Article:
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Enhancing SuperDuper Backups

I’ve been using SuperDuper for a few years now. It’s saved my tuchus a few times and provided tremendous convenience many times. In the last few months, though, I’ve noticed a few things that annoy me after the backup is complete:

  1. Growth
  2. Web Server Conflicts


I archive to a sparse bundle and those only grow. After backing up a few times, that bundle can get insanely huge. Over time, they actually take up more space than they need, but they can be compacted. I have two separate, bootable backups that I store on a single 320GB external hard drive, so this growth can quickly consume a disk that size.

Web Server Conflicts

I use an Apache instance that I installed via MacPorts. To stop and start that instance, I added the location of its apachectl executable to my path so that I can stop and start the web server the same way that I’m used to doing on my Linux servers. To ensure no confusion, I disable execute permissions on OS X’s native apachectl script. The problem is that OS X expects its apachectl script to be executable and its repair permissions operation makes this script executable.

Since I ask SuperDuper to repair permissions before every backup, the built in apachectl script becomes executable and if/when I have to bounce my web server, the command sudo apachectl restart actually starts the native Apache instance which creates conflicts (they share the same port) and all sorts of preventable mayhem that used to take me a while to track down until I got used to recognizing the symptoms.


One of the things I love about SuperDuper is that is provides hooks into its process. These hooks allow me to write a script and tell SuperDuper to execute that script when the backup is complete. So I did.

require 'logger'
log_file = '/Users/me/Desktop/post-backup.log'
File.delete( log_file ) if File.exists? log_file
log = log_file )
# Compact the MWF backup volume if it's not currently mounted
if !File.exists? "/Volumes/mbp17.daily.mwf"
  # system "hdiutil compact '/Volumes/SuperDuper Backups/mbp17.daily.mwf.sparsebundle' > #{log_file}" 'Finished compacting mbp17.daily.mwf.sparsebundle'
# Compact the TTS backup volume if it's not currently mounted
if !File.exists? "/Volumes/mbp17.daily.tts"
  system "hdiutil compact '/Volumes/SuperDuper Backups/mbp17.daily.tts.sparsebundle' > #{log_file}" 'Finished compacting mbp17.daily.tts.sparsebundle'
# Ensure that the native OSX Apache install remains
# disabled after permissions are repaired.
# 'Disabling execute permissions for OS X Apache components'
system 'chmod a-x /usr/sbin/httpd'
system 'chmod a-x /usr/sbin/apachectl'
system 'chmod a-x /usr/sbin/apxs'

As I mentioned above, I have two backups that run on a schedule. One runs Monday, Wednesday and Friday evenings and the other runs on Tuesday, Thursday and Friday evenings. The backup is currently running cannot be compacted because its volume is mounted. That explains the test for whether a backup image is mounted before attempting to compact it.

Because this is a new process, I create a log on my desktop and write a few things to it just in case there’s a problem. Because it’s on my desktop, my (mild) OCD reminds me to look at it and delete it regularly (read:daily). I’ll remove the log prints once I feel comfortable that everything is doing what it’s supposed to be doing.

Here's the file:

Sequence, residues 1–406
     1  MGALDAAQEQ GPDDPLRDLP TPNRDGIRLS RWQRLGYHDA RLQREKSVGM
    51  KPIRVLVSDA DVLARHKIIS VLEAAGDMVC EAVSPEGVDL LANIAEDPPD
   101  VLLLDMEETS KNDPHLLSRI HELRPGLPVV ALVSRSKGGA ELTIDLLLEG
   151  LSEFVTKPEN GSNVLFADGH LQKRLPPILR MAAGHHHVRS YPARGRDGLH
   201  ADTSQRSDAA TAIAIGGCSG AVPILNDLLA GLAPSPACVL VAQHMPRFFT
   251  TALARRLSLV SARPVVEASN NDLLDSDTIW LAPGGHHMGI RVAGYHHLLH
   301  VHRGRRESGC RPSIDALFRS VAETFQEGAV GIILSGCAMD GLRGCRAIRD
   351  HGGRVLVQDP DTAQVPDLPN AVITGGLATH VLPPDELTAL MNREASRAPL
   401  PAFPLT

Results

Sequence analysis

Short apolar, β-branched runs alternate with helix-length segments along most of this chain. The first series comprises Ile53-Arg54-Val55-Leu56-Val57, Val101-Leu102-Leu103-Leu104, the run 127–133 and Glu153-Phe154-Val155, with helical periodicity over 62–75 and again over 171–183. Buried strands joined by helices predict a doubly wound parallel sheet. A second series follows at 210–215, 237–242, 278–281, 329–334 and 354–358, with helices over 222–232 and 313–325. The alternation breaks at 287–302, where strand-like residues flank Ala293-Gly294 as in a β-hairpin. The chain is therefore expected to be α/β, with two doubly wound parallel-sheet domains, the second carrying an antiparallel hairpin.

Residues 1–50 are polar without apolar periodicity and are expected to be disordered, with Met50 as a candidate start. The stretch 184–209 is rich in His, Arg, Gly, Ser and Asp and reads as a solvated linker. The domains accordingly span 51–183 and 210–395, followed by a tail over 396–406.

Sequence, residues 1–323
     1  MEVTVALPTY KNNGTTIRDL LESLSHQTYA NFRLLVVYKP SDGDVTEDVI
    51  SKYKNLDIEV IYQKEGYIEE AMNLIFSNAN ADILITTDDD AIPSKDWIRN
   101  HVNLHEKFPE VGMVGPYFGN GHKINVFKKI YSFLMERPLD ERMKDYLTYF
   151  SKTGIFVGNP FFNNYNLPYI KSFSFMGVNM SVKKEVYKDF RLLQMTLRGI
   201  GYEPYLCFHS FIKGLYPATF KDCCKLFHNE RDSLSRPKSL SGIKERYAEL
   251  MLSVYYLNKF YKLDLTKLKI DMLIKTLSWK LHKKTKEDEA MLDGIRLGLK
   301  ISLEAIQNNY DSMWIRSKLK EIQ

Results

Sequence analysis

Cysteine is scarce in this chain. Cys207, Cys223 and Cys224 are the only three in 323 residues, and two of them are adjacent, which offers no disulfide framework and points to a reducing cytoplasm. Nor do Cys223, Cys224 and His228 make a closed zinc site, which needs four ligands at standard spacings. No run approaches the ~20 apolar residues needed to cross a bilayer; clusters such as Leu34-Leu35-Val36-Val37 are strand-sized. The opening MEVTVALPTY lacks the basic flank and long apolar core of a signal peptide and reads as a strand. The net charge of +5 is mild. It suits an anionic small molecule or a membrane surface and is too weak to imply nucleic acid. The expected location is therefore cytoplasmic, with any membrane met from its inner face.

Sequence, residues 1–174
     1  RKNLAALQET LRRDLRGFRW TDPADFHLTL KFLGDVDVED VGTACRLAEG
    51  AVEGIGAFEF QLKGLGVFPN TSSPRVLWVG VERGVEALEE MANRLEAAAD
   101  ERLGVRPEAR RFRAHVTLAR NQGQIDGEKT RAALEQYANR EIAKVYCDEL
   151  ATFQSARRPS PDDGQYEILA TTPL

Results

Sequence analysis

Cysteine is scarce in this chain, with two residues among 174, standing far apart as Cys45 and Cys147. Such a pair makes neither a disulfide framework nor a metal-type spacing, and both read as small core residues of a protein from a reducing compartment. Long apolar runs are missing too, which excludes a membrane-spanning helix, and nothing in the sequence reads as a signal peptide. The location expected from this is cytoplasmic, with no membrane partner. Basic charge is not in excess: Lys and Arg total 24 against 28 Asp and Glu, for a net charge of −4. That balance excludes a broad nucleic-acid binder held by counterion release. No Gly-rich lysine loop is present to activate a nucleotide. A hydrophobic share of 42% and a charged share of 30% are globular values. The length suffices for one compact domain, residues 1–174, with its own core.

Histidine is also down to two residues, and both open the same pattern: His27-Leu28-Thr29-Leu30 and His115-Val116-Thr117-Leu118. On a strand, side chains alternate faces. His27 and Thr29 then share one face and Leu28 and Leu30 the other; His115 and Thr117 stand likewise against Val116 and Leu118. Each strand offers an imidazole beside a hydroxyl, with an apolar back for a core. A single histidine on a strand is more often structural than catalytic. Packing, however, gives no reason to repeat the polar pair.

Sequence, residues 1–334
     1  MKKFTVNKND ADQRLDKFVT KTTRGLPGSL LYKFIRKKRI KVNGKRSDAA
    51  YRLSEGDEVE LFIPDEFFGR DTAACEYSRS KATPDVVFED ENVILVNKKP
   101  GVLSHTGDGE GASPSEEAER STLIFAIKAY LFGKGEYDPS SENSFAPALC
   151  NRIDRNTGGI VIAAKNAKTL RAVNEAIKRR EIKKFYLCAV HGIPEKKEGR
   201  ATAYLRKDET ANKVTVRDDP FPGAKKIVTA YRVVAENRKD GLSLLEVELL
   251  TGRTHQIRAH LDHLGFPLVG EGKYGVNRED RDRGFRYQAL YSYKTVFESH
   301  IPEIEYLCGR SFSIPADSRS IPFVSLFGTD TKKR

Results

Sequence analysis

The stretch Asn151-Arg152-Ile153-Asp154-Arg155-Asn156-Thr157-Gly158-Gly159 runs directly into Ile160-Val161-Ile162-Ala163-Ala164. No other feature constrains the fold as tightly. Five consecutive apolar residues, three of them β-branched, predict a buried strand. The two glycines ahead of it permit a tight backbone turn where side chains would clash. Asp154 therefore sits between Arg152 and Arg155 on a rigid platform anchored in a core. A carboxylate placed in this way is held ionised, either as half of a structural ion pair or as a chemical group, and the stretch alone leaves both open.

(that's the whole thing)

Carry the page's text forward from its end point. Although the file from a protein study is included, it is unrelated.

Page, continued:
Finally, I re-disable the executable permission on the native apachectl script as well as a few other executables that belong to OS X’s built-in Apache instance.

Sync MySQL Databases

I run three different environments for I have local development environment where I update Chyrp, the blogging software that runs the site, tweak parts of my theme and introduce new modules to the configuration. I also have a staging environment where I ensure that changes made in dev look and work okay in an environment that closely resembles my final environment, production.

Something I’ve long wanted to do is to keep the staging and production MySQL databases sync’d up so that I can create an even closer resemblance between the environments and get a better feel for the impact of the changes I make as they move up the stack. This morning I finally set about implementing this process. The process itself is pretty straightforward and looks like this:

  1. Export the production database to a SQL script
  2. In the exported script, replace any references to the production database name with the staging database name
  3. Execute the script against the staging database

The script to execute that process looks like this:

mysqldump -umyusername \
           -pmypassword \
           --opt \
           --no-create-db \
           --complete-insert \
           --databases production-db-name | \
sed s/production-db-name/staging-db-name/ | \
mysql -umyusername \
      -pmypassword \
      -D staging-db-name

Finally, I created a cron job to run this command every night at midnight. In my setup, the production and databases exist on the same host. If they didn’t, I’d need to add the -h flag to at least one of the mysql commands. Similarly, this command is executed on the same machine as those databases which eliminates the need for the -h flag on either command.

I wrote this primarily to supplement my own memory, but I offer it to you at no cost. I’m not a MySQL DBA, nor do I care to become one in the near future; if there’s an easier or better way, I’d love to hear about it.